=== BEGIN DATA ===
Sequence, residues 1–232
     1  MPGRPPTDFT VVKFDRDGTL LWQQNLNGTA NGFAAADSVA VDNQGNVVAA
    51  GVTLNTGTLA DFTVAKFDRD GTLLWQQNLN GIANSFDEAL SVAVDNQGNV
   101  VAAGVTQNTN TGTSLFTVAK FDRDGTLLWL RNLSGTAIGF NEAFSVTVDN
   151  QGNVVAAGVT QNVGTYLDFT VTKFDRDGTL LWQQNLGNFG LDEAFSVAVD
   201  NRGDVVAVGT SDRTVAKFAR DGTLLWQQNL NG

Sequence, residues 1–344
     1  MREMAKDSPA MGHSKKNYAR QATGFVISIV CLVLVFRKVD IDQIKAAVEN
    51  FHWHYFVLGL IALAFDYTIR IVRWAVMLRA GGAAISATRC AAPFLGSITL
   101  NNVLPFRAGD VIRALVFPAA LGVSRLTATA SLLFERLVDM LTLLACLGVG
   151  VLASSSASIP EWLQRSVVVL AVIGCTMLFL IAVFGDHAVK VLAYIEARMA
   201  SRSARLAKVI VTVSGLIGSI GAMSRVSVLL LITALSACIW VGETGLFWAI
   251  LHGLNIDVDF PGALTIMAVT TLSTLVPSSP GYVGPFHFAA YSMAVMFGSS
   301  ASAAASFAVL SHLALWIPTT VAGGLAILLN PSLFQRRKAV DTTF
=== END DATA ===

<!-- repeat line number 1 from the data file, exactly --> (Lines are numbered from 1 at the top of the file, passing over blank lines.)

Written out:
Sequence, residues 1–232